A DDGraph and a DAG with the same dependence patterns around the target variable T is shown in Figure 2A. In a DDGraph, variables connected to the target variable T with an undirected edge are in the causal neighbourhood of T, and variables reachable from T by traversing only undirected edges are in the Markov blanket of T (Figure 2A). These variables are also easily recognizable with their oval shapes, whereas variables in indirect dependence with T have a rectangular shape. By contrast, the causal neighborhood and Markov blanket in a DAG have to be inferred from the direction of the edges (Figure 2A).

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Figure 2. Comparison of DDGraphs and DAGs.

(A) The causal neighbourhood of the target variable T consists of variables X1 and X2, while T's Markov blanket consists of X1, X2, X4 (in ovals). The remaining variables X3 and X5 have indirect dependence (in rectangles). The DDGraph (left) and the DAG (right) represent the same conditional dependencies. The causal neighbourhood/the Markov blanket and the variable in indirect dependence are distinguishable by the variable shapes in the DDGraph, but have to be inferred in the DAG by following the edges. (B) joint dependency patterns representable in the DDGraph (left) cannot be represented by DAGs (right). The DAG shown here represents the conditional independencies between X1 (or X2) and T given X2 (or X1), but it does not represent the marginal dependency between X1 (or X2) and T. Neither this DAG or any other DAG can represent the entire joint dependency pattern.

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A DDGraph also represents joint and conditional joint dependency patterns, which are mathematically inconsistent and thus impossible to represent with DAGs (Figure 2B). Indeed, DAGs, as well as other factorization-based graphs, such as factor graphs [23], that represent a factorization of a joint probability distribution cannot represent these inconsistent dependency patterns.

Comparison with other algorithms on synthetic data

We generated synthetic data based on the 15 correlated TF binding profiles in [18]. See Materials and Methods for details on data generation. The target variable T, which is a binary vector that contains the expression states of a set of CRMs, is sparse: similar to the real data, only around 10% of CRMs show class-specific expression. We generated data for three sample sizes: 300, 500 and 1000; the sample size in the data of [18] is 310. In addition, we simulated a causal neighborhood of two variables (X1, X2) for T, and these causal neighbors are weakly correlated with T (correlation 0.17–0.25). We simulated data with four levels of correlation between the two causal neighbors: no correlation (0), weak correlation (0.25), strong correlation (0.50; similar to the average correlation of 0.46 we found in the data from [18]), and very strong correlation (0.75).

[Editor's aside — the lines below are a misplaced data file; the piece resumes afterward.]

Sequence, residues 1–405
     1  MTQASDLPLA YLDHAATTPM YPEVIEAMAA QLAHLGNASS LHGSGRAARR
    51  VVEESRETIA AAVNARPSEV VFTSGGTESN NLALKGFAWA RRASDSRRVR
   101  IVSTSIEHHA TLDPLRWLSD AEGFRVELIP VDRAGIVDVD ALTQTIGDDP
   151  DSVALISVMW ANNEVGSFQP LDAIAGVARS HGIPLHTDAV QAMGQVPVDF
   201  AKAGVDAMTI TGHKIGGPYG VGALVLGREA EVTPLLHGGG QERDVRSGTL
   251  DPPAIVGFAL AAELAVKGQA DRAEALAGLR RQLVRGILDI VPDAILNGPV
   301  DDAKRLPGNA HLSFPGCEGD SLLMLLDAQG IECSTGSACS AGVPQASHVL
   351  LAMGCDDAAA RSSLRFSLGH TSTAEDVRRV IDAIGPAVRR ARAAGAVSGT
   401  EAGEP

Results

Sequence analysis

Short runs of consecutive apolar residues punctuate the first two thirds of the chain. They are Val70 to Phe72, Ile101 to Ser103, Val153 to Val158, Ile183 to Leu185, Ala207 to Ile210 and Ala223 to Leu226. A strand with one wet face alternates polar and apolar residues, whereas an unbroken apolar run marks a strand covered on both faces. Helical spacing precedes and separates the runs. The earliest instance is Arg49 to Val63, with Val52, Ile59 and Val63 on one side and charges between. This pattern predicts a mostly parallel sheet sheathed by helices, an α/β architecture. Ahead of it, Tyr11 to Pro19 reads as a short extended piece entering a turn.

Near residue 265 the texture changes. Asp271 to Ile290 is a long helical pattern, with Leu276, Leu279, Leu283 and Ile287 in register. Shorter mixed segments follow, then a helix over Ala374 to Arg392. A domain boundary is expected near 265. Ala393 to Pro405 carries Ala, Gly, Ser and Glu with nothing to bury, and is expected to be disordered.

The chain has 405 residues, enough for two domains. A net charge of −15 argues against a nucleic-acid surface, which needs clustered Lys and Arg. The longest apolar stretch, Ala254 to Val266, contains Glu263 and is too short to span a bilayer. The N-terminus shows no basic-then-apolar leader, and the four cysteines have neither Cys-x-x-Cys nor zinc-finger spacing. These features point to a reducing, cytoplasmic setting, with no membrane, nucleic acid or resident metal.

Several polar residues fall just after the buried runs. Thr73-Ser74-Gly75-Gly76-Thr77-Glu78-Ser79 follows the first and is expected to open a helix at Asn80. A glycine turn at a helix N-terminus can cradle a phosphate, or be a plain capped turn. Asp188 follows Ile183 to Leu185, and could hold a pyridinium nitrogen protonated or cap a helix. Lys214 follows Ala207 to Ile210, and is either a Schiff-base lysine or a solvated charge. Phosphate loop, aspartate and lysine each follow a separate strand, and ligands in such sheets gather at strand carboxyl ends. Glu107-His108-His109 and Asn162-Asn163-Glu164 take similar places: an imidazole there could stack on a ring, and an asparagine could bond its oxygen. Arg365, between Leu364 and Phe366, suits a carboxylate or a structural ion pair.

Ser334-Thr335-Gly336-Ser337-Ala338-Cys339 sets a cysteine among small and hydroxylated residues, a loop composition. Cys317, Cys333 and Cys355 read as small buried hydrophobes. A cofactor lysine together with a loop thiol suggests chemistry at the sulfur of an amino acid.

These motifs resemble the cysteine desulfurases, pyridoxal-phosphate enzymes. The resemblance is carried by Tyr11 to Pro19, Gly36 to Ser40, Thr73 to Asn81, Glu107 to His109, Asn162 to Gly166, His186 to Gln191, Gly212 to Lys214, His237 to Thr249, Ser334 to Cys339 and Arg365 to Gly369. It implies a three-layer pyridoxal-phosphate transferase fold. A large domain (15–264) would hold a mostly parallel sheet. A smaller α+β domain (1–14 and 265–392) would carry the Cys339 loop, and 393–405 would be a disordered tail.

We further introduced a third variable (X3) as the confounding variable in the network and generated correlated data for two realistic scenarios:

  • Time - The two causal neighbours (X1, X2) and the third variable (X3) represent the binding profiles of the same TF at three times, such that X1X2X3, in which the correlation between X1 and X3 is smaller than that between X1 and X2 and between X2 and X3 (Figure 3A).
  • Hidden - The three variables are correlated with a common unobserved cause, e.g., the chromatin and/or cell population structure (represented by H in Figure 3B). We set the correlation between any pairs of these three variables to be the same.
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Figure 3. Two scenarios for generating the synthetic data with correlated variables.